The probability of the first outcome is \(\frac{2}{9}\) and the probability of the second outcome is \(\frac{5}{18}\). By adding these two probabilities, we see that the probability of getting a red ball first is \[P(\text{first ball red}) = \frac{2}{9} + \frac{5}{18} = \frac{1}{2}\]

This is the same as in the previous exercise, which should not be too surprising since the probability of the first ball being red is not affected by whether or not we put it back into the bag before drawing the second ball.

Probability of a blue ball second

To determine the probability of getting a blue ball on the second draw, we look at all of the outcomes that contain a blue ball second. These are

  • a red ball and then a blue ball;
  • a blue ball and then another blue ball.

The probability of the first outcome is \(\frac{5}{18}\) and the probability of the second outcome is \(\frac{2}{9}\). By adding these two probabilities, we see that the probability of getting a blue ball second is \[P(\text{second ball blue}) = \frac{5}{18} + \frac{2}{9} = \frac{1}{2}\]

This is also the same as in the previous exercise! You might find it surprising that the probability of the second ball is not affected by whether or not we replace the first ball. The reason why this probability is still \(\frac{1}{2}\) is that we are computing the probability that the second ball is blue without knowing the colour of the first ball. Because there are only two equal possibilities for the second ball (red and blue) and because we don't know whether the first ball is red or blue, there is an equal chance that the second ball will be one colour or the other.

Probability of red first and blue second

We have already calculated the probability that the first ball is red and the second ball is blue. It is \(\frac{5}{18}\).

Dependent or independent?

According to the definition, events are independent if and only if \[P(A\text{ and }B) = P(A) \times P(B)\]

In this problem:

  • \(P(\text{first ball red}) = \frac{1}{2}\)
  • \(P(\text{second ball blue}) = \frac{1}{2}\)
  • \(P(\text{first ball red and second ball blue}) = \frac{5}{18}\)
Since \(\frac{5}{18} \ne \frac{1}{2}\times\frac{1}{2}\), the events are dependent.

Just because two events are mutually exclusive does not necessarily mean that they are independent. To test whether events are mutually exclusive, always check that \(P(A \text{ and } B) = 0\). To test whether events are independent, always check that \(P(A \text{ and } B) = P(A) \times P(B)\). See the exercises below for examples of events that are mutually exclusive and independent in different combinations.

Dependent and independent events

Exercise 10.3

Use the following Venn diagram to determine whether events \(X\) and \(Y\) are

mutually exclusive or not mutually exclusive;

The events are mutually exclusive if and only if \((X \text{ and } Y) = \emptyset\). From the Venn diagram we see that \((X \text{ and } Y)\) contains \(\text{3}\) elements. Therefore \(X\) and \(Y\) are not mutually exclusive.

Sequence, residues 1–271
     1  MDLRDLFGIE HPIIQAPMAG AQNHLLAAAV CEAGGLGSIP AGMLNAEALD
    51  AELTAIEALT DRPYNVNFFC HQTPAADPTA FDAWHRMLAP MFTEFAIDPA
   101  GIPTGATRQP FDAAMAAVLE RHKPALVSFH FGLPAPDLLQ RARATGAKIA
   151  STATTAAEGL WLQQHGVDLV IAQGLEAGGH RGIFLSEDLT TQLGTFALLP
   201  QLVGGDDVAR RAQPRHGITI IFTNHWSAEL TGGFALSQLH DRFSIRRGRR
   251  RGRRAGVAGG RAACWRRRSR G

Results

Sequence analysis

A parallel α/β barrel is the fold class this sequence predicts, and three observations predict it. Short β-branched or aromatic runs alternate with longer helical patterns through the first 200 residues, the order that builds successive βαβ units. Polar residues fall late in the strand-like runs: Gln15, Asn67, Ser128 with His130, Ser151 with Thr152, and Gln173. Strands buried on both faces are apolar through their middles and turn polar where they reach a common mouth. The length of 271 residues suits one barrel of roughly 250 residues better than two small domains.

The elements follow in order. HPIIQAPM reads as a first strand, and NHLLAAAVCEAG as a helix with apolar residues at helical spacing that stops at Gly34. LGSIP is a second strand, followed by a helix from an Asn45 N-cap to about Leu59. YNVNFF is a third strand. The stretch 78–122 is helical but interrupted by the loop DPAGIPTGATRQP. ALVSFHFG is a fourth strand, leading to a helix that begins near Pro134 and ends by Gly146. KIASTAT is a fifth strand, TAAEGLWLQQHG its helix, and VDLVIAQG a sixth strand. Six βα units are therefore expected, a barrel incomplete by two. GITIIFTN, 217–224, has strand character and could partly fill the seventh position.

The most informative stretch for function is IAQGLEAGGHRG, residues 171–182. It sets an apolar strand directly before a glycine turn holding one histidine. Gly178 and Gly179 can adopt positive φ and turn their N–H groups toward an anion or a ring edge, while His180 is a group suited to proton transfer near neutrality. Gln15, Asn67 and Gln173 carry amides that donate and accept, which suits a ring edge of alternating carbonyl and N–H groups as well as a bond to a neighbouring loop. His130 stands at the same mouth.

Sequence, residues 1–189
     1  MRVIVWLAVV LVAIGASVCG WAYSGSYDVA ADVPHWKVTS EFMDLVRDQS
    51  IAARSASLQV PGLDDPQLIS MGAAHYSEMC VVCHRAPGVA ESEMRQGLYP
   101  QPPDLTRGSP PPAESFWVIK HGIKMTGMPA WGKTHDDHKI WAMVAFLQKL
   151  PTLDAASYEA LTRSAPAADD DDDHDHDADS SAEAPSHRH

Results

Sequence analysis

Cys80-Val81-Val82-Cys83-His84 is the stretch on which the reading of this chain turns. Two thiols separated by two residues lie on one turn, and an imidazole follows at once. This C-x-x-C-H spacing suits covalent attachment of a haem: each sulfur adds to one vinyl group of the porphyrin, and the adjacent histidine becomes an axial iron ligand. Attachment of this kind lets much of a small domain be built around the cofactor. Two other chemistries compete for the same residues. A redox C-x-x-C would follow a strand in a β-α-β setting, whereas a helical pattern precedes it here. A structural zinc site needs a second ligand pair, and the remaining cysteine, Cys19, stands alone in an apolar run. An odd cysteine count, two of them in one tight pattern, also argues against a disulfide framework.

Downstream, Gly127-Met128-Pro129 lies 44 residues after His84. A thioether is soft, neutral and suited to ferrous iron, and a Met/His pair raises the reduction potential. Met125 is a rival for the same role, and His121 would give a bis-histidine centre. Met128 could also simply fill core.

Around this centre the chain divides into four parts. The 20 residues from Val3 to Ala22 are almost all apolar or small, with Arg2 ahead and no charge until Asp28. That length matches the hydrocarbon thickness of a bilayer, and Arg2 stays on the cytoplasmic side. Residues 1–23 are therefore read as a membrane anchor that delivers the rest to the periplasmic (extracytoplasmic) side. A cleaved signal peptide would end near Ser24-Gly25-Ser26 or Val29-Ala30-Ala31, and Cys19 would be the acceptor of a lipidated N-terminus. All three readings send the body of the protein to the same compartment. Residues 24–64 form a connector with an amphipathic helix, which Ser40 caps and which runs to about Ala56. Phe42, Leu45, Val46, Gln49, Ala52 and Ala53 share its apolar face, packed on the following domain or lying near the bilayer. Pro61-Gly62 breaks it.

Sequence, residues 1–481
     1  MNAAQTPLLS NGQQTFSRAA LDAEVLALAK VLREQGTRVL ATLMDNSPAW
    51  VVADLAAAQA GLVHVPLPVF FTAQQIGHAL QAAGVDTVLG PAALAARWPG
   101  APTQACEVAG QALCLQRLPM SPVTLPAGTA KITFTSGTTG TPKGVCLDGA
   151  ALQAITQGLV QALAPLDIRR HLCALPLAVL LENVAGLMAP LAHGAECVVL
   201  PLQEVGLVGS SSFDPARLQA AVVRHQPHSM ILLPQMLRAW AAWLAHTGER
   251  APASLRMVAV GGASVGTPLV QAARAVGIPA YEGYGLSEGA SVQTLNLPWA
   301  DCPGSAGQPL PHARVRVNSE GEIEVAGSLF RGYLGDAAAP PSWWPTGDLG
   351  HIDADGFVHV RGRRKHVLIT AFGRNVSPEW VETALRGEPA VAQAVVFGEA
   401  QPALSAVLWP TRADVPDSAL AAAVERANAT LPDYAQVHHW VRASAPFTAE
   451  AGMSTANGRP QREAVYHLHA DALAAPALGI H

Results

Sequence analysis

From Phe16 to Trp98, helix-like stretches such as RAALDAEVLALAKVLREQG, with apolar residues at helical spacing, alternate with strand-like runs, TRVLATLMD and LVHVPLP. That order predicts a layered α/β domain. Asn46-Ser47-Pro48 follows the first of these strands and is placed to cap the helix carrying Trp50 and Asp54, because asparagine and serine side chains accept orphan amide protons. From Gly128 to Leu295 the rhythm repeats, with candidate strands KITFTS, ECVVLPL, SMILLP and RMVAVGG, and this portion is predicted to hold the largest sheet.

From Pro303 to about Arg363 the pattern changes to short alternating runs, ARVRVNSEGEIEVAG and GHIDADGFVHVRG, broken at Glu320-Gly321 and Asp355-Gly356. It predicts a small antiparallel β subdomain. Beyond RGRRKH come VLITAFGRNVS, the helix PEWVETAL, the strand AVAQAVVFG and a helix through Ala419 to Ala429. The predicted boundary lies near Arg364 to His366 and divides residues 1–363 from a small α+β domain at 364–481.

dependent or independent.

The events are independent if and only if \(P(X \text{ and } Y) = P(X) \times P(Y)\). In this case, \begin{align*} P(X \text{ and } Y) &= \frac{3}{35} \\ P(X) &= \frac{14}{35} \\ P(Y) &= \frac{10}{35} \end{align*} So \(P(X) \times P(Y) = \frac{4}{35} \ne P(X \text{ and } Y)\). Therefore \(X\) and \(Y\) are dependent.

Of the \(\text{30}\) learners in a class \(\text{17}\) have black hair, \(\text{11}\) have brown hair and \(\text{2}\) have red hair. A learner is selected from the class at random.

What is the probability that the learner has black hair?
\(\frac{17}{30}\)
What is the probability that the learner has brown hair?
\(\frac{11}{30}\)
Are these two events mutually exclusive?
Yes, since each learner has only one hair colour, so \(P(\text{black and brown}) = 0\).
Are these two events independent?
No, since \(P(\text{black and brown}) = 0 \ne P(\text{black}) \times P(\text{brown})\).

\(P(M) = \text{0,45}\); \(P(N) = \text{0,3}\) and \(P(M \text{ or } N) = \text{0,615}\). Are the events \(M\) and \(N\) mutually exclusive, independent or neither mutually exclusive nor independent?

From the sum rule, \begin{align*} P(M \text{ and } N) &= P(M) + P(N) - P(M \text{ or } N) \\ &= \text{0,45} + \text{0,3} - \text{0,615} \\ &= \text{0,135} \end{align*} \(P(M \text{ and } N) \ne 0\), therefore the events are not mutually exclusive.

Therefore the events are independent since \[P(M) \times P(N) = \text{0,135} = P(M \text{ and } N)\]

(For enrichment)

Prove that if event \(A\) and event \(B\) are mutually exclusive with \(P(A) \ne 0\) and \(P(B) \ne 0\), then \(A\) and \(B\) are always dependent.

Proof by contradiction.

Assume that \(A\) and \(B\) are independent events. From the definition of independence, we then have \(P(A \text{ and } B) = P(A) \times P(B)\). Since \(A\) and \(B\) are mutually exclusive, we know that \(P(A \text{ and } B) = 0\). Therefore \(P(A) \times P(B) = 0\).

For the product of two numbers to be zero, at least one of the two numbers must be zero. But in the problem statement, we were told \(P(A) \ne 0\) and \(P(B) \ne 0\). Therefore we have a contradiction and our original assumption, that \(A\) and \(B\) are independent events, must be false.

Conclusion: \(A\) and \(B\) are dependent.